“I can, if you wish, Your Majesty, but the game is nothing to be afraid of. Yenvizher an old Livanese card game—the name means trader in their old language—but some say the game originally came from the Bizarmin. It’s a very simple game, played with forty cards over three rounds, and the only thing you can do on your turn is trade cards in your hand for ones on the table.”
“Well, the premise sounds simple enough,” was Alasdair’s hesitant reply, feeling the first ardours of curiosity begin to surmount him.
“All the cards represent different goods, and all you have to do is exchange them for goods in your hand, as though you were playing a real trade market, but you can only exchange a certain amount of cards at one time. Whoever has the most goods with the highest value at the end of a round wins. Should I show you, Your Majesty?”
Should he? was the question that plagued Alasdair as the games were laid out. The games were out on the table beside him. Three decks, two belonging to Escera and one to the Livanese trading game, lay before him, and the agony of which to play or not play, which to buy and which to sample, besieged him into silence. Something would be played, something else would be purchased, that something which would claim his time and the semblance of integrity he had been frittering away for the last hour. One glance at the children, however, who were waiting anxiously for him to reach a conclusion, and Alasdair’s mind was made.
“We’ll take all of it,” he said, resigning himself to vice, “all three of them. The children can learn the trading game. It seems harmless enough and might have some educational value to it.”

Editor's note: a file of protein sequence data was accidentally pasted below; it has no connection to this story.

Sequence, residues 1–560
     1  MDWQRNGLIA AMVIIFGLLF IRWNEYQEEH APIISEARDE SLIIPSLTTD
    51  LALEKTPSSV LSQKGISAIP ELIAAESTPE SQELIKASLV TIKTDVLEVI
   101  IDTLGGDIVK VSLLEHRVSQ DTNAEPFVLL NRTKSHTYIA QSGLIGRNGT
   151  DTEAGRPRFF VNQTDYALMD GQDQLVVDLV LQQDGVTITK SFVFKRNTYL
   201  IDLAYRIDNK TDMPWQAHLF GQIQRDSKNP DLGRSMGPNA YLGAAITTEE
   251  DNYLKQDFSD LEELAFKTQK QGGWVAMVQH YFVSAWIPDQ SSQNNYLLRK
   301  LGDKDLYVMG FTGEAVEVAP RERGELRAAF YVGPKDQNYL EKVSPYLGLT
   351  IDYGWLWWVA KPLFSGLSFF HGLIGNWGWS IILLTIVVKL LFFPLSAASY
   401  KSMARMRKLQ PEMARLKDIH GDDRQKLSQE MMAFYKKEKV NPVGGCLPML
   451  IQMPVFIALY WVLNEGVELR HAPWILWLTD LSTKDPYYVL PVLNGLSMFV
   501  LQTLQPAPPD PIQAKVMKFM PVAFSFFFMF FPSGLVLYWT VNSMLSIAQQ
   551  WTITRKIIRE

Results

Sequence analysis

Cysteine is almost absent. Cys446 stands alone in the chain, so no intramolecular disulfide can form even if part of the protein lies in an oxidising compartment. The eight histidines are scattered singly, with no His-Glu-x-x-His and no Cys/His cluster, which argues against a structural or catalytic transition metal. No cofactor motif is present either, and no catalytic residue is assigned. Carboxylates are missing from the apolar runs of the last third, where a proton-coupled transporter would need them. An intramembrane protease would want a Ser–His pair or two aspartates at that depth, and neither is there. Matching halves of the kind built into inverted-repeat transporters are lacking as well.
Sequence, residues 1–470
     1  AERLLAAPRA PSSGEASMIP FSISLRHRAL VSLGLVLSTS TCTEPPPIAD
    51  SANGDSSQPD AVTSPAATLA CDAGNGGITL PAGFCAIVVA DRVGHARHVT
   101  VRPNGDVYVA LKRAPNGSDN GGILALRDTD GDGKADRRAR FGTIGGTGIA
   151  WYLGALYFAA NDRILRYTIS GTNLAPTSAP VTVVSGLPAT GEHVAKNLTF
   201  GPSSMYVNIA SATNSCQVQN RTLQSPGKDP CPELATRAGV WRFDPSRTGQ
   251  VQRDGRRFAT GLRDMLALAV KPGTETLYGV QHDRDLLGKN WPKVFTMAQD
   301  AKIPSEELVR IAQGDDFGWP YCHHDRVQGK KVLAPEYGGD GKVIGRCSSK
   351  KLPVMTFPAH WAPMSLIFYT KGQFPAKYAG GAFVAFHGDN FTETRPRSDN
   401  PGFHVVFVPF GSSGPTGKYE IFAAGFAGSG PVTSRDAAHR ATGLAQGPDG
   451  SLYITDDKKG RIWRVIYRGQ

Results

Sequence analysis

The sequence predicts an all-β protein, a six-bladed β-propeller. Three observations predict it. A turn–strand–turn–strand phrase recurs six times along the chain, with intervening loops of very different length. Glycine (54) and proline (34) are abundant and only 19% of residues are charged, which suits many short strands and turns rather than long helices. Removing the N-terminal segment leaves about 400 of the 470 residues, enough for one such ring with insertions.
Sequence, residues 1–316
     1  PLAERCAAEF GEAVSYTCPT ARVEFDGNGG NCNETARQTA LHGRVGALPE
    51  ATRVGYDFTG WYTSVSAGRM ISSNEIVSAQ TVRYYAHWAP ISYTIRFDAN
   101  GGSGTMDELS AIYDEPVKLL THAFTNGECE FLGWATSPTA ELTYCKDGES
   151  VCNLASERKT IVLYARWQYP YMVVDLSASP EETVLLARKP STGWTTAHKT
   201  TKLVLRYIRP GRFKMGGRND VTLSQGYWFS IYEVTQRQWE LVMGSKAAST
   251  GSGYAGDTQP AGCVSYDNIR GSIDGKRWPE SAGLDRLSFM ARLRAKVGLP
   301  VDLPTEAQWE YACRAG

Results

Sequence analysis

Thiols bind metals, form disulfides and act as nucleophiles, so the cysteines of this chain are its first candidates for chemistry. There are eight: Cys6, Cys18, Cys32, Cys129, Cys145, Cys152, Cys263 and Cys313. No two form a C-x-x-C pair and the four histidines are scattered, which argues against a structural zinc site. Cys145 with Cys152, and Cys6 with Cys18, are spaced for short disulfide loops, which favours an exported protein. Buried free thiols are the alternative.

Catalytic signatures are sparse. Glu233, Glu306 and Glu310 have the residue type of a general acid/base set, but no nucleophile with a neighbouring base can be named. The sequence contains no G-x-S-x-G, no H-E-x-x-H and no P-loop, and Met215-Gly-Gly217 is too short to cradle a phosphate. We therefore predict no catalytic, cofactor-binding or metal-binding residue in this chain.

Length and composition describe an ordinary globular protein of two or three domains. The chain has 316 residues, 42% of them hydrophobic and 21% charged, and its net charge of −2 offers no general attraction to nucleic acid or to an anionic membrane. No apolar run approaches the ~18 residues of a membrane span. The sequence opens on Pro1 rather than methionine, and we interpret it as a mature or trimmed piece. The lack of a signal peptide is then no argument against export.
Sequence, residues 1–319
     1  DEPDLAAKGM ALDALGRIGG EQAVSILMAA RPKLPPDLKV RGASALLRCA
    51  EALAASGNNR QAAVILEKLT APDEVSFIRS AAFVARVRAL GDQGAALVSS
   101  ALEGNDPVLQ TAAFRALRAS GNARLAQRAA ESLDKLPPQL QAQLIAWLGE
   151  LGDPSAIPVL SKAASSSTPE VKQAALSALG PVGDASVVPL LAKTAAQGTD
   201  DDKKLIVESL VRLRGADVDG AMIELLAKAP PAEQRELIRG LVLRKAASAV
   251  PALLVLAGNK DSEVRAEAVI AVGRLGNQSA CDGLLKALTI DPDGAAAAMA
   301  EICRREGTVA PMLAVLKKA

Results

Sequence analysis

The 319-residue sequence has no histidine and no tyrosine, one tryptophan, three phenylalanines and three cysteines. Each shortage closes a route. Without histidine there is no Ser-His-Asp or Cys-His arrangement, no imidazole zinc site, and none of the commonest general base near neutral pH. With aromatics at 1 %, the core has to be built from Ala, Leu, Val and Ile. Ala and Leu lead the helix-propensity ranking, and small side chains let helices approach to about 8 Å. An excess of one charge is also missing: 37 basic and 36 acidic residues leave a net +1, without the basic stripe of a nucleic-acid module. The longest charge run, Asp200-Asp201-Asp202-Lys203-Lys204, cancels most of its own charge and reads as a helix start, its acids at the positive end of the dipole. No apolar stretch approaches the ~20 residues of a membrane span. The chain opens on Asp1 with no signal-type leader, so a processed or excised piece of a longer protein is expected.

“I daresay Lucentian card games are just as innocuous,” said Boudicca. “How readily you can excuse a game as being educational when the children are in the way, but when you want to learn a game, the whole keep must be overturned to keep you from the cards.”
“Because we can easily tell the children to learn something else,” Alasdair contended. “I know myself, and know I won’t stop playing game until I’ve mastered at least some part of it.”
“Astonishing how we kept from losing you to the gambling halls while we were in Lucentia.”
Alasdair’s face lengthened. “We were there for diplomatic purposes.”
“Games are as diplomatic as they are educational. They are a lesson in both, surely, in getting to know your opponent well enough to conquer them.”
“They are, but we don’t need northern card games to learn about adversaries or how to defeat them.”
“We don’t, but that does not stop you from plunging yourself into them with the same fervour as you would a debate at court.”
Here was a flat look. “I did grow up playing Ardri and Brandubh, you know, which now that I consider it, probably fostered an early like for strategy games.”
“Then perhaps, Your Majesty,” said the proprietor, sitting down, “if you are such a professed gamester, you would do me the honour of a few rounds?”
He gestured toward one of the Escera decks on the table, and Alasdair cringed made a strangled “…Hrrnn.”
“As well you might, Alasdair,” Boudicca laughed. “You have already committed yourself, and perhaps you’ll learn a few strategies that you might take back to the keep.”
The private recesses of Alasdair’s mind, where he secreted away his vices-- his affection for games, his amourous inclination for a handsome jerkin, his passion for rhubarb pies-- had been breached, and he allowed himself the extenuation of a few rounds, provided they could teach him enough about the game that might satisfy his shameful curiosity and quell the unquietness of the last hour. Anything might always be reasoned away with education, and learning how to beat Vyrdin at a game of cards at present was the most informative thing in the world. “All right,” he sighed, thinking his surrender a weakness never to be got over. The cards were shuffled and doled, and he watched and listened and learned, humming and humphing over the proprietor’s hints with contracted brows and folded arms, while the gamesmaster went to the other table, to demonstrate how the Livanese trading game was to be played and set them off going, that he might skulk back to his stall and advertise himself as the man who satisfied the king’s desire for cards and introduced a new game to the keep.